One of the many choices a collector of vinyl records has to make is whether they open a sealed record, or keep it safely tucked away in its see-thru home.
The vast majority of vinyl bought "new" now comes hermetically sealed, and buyers would not have it any other way - because they are sealed they are almost certain to discover a pristine mint record inside, and from then on it is up to them to maintain that condition.
Way back in the late 1970's I worked at HMV Stockton, and one of the jobs I tried to avoid was unpacking new orders and running them through the "sealing machine". Surprisingly, all the stock that came from UK record distributors in the 1970's were unsealed, and we had to stand by a baking hot machine and repeatedly lowere a lever to seal each album, this was sweat-inducing work, especially during the summer months.
What customers didn't realise was that HMV staff were permitted to take home up to 3 LP's a day to play, all of which were then sealed and put out for sale. Quite often customers were buying second-hand records thinking they were new sealed, but it was a perk that HMV staff took advantage of almost daily.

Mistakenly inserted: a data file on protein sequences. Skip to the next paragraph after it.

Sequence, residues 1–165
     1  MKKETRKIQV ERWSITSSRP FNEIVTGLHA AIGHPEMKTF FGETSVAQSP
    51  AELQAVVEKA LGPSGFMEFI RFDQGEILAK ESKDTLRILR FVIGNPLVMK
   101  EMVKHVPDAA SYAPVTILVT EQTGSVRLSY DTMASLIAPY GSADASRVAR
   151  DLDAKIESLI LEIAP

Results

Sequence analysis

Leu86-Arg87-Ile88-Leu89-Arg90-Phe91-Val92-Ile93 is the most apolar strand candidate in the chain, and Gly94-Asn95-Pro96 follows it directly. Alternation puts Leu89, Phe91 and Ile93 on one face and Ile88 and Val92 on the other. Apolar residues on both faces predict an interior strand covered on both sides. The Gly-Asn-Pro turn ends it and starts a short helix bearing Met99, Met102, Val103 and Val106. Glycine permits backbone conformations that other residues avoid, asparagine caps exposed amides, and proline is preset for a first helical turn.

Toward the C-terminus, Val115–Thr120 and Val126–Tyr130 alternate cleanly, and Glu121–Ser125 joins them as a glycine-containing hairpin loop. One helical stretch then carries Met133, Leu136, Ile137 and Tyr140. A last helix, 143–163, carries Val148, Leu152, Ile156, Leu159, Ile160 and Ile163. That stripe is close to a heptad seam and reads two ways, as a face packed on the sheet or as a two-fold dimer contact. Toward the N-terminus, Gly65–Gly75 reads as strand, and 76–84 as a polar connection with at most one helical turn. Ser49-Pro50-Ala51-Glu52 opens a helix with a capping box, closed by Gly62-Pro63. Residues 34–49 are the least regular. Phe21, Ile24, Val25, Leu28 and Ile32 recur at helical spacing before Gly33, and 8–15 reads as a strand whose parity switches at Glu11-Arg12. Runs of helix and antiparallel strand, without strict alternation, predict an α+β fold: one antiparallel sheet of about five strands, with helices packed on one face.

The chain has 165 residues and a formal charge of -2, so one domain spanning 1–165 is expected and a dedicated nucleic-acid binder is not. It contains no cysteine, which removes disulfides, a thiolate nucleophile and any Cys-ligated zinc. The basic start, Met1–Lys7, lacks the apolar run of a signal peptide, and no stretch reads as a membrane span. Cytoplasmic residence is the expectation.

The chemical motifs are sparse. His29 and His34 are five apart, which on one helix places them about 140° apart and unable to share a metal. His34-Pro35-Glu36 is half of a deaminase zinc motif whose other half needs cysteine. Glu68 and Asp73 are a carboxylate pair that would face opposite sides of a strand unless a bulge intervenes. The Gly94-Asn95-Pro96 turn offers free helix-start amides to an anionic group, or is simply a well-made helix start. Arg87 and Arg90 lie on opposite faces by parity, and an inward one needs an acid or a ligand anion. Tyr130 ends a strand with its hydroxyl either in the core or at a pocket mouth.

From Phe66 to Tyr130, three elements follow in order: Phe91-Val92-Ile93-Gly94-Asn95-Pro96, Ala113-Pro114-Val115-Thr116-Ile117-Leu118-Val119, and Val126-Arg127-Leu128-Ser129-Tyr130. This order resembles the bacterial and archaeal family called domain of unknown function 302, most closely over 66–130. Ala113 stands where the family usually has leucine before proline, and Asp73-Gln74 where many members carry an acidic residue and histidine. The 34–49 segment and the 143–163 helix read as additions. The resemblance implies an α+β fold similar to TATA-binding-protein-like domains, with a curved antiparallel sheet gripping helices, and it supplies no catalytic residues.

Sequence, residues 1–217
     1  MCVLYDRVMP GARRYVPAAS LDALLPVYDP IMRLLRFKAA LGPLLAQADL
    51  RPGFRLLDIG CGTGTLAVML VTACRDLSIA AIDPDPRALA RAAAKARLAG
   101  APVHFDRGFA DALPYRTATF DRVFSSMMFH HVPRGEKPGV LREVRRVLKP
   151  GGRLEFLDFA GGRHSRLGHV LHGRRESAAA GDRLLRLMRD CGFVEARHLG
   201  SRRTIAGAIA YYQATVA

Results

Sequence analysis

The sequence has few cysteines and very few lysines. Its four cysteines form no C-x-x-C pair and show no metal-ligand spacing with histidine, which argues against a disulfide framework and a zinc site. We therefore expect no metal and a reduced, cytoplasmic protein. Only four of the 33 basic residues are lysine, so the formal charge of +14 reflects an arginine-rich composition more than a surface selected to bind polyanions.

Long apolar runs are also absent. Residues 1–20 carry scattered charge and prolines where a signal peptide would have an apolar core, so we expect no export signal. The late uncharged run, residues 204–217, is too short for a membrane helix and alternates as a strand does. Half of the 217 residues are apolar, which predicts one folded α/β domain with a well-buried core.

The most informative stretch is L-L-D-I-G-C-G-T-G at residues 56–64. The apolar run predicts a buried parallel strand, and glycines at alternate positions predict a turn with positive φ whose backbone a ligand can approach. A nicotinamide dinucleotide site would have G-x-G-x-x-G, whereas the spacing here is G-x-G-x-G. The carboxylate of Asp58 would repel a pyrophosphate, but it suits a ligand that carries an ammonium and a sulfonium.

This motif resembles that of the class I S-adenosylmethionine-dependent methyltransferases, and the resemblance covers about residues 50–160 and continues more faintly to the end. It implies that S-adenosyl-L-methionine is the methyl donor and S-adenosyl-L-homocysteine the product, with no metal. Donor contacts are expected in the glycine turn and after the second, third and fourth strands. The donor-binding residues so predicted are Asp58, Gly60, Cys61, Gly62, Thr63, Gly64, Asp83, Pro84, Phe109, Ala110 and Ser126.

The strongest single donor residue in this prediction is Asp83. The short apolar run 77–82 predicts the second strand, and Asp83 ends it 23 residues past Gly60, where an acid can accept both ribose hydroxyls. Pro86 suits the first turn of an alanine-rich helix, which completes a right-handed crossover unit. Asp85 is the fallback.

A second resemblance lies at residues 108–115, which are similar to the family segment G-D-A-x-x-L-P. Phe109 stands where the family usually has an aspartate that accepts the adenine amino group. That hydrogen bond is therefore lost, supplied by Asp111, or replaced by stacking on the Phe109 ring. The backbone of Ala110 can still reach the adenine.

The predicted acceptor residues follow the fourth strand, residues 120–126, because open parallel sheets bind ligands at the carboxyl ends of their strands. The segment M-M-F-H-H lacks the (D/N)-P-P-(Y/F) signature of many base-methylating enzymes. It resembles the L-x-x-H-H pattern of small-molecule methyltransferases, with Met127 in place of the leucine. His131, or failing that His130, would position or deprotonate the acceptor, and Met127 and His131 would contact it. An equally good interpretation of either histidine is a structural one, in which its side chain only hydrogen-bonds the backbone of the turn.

In today's marketplace, with online selling, I am sure that kind of thing is much less prevalent. When you get a sealed album it truly is factory fresh. But the question is, should you open it? The obvious answer is, of course you should! What is the point of paying good money for an LP only to file it away unused? But serious collectors, perhaps with an eye to future value, may choose to keep it under wraps. I have even heard of more affluent collectors buying two copies, one to play, one to file.
It goes without saying that all the albums in Vinylshrine's stores that are sealed stay sealed, until they are sold of course, then the buyer can choose what to do.
When I collect vinyl for my own personal collection, I always open them up, the thought of any future value always takes second place behind my desire to enjoy the music, and I am sure that is the choice of the majority of vinyl collectors.
JOHN HODGSON - January 2019